• 99
    JK Paper banks on ColorLok technology to step up sales
    AUGUST-2012 – JK Paper is targeting end users of copier paper directly to push its products in this segment. It is looking at large information technology companies, public sector and photocopier services providers to step up sales of copier paper. The company is positioning its copier paper range on quality and cost savings for users following its exclusive tie up with HP for the ColorLok technology. ColorLok technology, which is exclusively available to JK Paper in India, involves surface treatment of paper that improves quality of print and compatibility with laser printers, inkjet printers, photocopiers and all DTP applications. JK plans to compensate shops offering photocopier services the annual maintenance contract which can go up to Rs. 7,000-8,000 for a photocopier machine, according to Mr. A. K. Ghosh, who heads marketing at JK Paper. “It is a huge savings for the jobbers,” he said. The move is significant in the context of the large production capacity addition for JK Paper in this segment. Odisha unit The company’s new unit in Rayagada, Odisha, will add an annual capacity of about 1.65 lakh tonnes of copier papers in 2013. Some of the older capacities will be diverted to other paper segments. As the market absorbs the capacity addition, JK Paper will step up copier production in the subsequent year. Copier paper demand The total annual copier paper demand in the domestic market is estimated at about six lakh tonnes a year, he said. It is growing close to about 10 per cent. Mr. Larry Tracy, Director, ColorLok, HP, who was in India last week as part of an awareness programme on the technology, said over the phone that globally about 10 large paper companies have tied up with HP for ColorLok technology.
    03/01/2013
  • 98
    U.S. Paper Companies searching trading opportunities in INDIA for Growth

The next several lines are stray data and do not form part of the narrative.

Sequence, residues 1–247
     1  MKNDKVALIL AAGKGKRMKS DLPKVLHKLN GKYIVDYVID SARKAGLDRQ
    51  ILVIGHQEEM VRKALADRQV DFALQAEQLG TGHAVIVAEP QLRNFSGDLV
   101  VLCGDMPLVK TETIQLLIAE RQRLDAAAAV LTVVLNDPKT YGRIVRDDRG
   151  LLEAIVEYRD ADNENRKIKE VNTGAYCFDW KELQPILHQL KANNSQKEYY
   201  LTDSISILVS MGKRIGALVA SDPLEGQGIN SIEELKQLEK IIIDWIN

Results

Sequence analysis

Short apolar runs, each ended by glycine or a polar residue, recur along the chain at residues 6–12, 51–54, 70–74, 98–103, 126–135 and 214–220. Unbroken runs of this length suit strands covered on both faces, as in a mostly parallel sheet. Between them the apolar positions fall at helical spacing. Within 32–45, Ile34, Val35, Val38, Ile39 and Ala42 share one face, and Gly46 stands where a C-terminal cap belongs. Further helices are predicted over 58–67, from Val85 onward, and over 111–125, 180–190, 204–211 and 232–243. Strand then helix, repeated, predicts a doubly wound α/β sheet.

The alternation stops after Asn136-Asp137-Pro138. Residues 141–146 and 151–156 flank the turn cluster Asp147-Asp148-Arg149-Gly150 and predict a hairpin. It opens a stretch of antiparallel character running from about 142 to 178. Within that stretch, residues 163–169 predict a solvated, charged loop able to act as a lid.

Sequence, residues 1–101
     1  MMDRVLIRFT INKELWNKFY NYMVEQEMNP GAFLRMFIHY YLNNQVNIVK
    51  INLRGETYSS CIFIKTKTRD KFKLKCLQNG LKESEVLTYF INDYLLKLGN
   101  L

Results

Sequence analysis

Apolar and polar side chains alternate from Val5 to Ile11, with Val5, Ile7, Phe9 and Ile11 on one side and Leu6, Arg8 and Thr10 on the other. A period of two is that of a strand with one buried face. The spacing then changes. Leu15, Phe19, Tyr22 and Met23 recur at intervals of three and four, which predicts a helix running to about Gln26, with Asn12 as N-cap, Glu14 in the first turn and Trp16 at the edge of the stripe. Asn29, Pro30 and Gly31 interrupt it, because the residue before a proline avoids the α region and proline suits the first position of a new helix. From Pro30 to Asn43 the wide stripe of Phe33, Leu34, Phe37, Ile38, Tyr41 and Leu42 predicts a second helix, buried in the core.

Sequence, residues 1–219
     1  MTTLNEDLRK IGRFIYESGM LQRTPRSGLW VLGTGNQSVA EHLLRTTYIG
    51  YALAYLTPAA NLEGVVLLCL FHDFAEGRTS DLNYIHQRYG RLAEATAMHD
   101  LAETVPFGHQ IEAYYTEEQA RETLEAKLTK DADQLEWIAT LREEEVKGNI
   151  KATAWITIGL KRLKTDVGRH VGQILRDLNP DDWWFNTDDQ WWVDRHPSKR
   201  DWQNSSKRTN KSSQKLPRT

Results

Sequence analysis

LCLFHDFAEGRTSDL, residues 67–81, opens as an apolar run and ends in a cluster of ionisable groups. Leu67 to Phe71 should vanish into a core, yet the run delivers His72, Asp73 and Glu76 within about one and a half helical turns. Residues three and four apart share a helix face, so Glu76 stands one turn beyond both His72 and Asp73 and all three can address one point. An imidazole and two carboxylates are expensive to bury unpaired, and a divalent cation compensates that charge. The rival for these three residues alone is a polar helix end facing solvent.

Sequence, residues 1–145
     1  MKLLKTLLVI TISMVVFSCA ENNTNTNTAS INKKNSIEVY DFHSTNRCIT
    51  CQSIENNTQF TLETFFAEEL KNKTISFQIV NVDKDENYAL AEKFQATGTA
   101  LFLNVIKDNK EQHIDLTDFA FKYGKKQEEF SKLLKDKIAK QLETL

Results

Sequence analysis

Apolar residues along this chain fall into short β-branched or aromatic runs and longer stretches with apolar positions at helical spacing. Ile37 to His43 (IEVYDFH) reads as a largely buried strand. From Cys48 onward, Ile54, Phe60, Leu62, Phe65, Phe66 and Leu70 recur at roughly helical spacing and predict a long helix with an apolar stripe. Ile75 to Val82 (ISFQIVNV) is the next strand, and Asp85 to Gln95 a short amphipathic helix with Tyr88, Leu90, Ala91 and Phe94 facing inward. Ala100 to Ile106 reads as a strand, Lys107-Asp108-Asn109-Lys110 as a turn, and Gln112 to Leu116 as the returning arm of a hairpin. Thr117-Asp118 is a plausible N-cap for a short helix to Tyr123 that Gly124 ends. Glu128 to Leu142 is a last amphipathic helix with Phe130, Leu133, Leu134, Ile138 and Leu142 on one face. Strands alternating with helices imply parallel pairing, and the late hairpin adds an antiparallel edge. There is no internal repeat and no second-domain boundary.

AUGUST-2012 – India is quickly becoming an attractive new market for the American pulp and paper industry, according to “Turning the page on India’s paper industry: A new chapter in investment potential and growth,” a new report from Deloitte. Growth in the Indian market is tied to a significant increase in demand, fuelled by a burgeoning middle class and a growing workforce waiting to be added to the worldwide employment rolls. According to the report, the U.S.-based International Paper (IP) acquisition of a 53.5 percent stake in Andhra Pradesh Paper Mills (APPM) in March 2011 stirred widespread interest in the Indian market. Prior to that, the paper industry in India did not appear to be on the radar of many multinational companies. “India’s paper industry is expected to grow at six to seven percent year over year, with the packaging industry poised to grow at 22 to 25 percent annually,” said John Dixon, principal, Deloitte Consulting LLP. “India has 15 percent of the world’s population, but consumes less than two percent of the world’s paper. Meeting the growing demand will likely require a correspondingly significant investment in both new machines and upgrading of existing facilities.” The report analyzes the challenges to investing in India, which include inadequate investment in infrastructure, limitations on raw materials, lack of a coordinated and updated manufacturing policy, outdated labour policies, and lack of a broad power supply that has created a situation where only about 60 percent of paper-making capacity is being used. Companies that are considering entrance into the Indian market should do so strategically and should consider location. For example, states such as Andhra Pradesh, Maharashtra, and Gujarat, may be preferred locations for consideration because they may be investor friendly and closer to raw materials. “Paperboard and printing, along with specialty papers, are likely the segments with greater ease of entry and long-term growth,” explained Dixon. “Acquisition of or a controlling stake in a joint venture with an existing player with sizable assets can offer an attractive option for entry,” added Dixon. “India also allows 100 percent foreign direct investment (FDI) in this sector, making it an attractive landscape for foreign investment — one of the keys to growing the paper industry.” As used in this document, “Deloitte” means Deloitte LLP and its subsidiaries. Please see www.deloitte.com/us/about for a detailed description of the legal structure of Deloitte LLP and its subsidiaries. Certain services may not be available to attest clients under the rules and regulations of public accounting. In India this press release has been issues by Deloitte Touche Tohmatsu India Private Limited.